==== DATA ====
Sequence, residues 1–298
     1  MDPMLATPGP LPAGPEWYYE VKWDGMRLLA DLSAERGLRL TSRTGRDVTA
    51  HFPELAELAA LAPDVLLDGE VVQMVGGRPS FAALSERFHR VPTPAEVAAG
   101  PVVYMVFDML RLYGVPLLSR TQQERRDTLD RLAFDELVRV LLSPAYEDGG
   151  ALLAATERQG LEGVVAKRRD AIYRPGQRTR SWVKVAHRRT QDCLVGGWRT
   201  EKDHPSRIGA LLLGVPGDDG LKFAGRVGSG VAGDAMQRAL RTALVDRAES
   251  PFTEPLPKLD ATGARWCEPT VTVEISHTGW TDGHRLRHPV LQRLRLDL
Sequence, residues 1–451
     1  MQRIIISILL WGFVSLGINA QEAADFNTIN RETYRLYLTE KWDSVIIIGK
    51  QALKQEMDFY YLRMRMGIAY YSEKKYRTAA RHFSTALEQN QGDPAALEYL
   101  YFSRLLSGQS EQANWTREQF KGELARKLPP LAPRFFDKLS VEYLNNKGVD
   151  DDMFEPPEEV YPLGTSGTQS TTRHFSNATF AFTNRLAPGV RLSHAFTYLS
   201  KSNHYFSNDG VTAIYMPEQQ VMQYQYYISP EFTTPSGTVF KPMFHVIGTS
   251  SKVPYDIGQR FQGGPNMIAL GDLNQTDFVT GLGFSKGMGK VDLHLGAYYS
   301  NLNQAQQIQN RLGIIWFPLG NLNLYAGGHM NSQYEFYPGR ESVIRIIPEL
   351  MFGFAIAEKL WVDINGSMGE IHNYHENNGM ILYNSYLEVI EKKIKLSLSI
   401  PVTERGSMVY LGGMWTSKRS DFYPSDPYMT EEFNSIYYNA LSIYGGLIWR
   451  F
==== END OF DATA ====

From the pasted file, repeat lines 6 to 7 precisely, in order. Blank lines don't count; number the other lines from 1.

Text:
   201  EKDHPSRIGA LLLGVPGDDG LKFAGRVGSG VAGDAMQRAL RTALVDRAES
   251  PFTEPLPKLD ATGARWCEPT VTVEISHTGW TDGHRLRHPV LQRLRLDL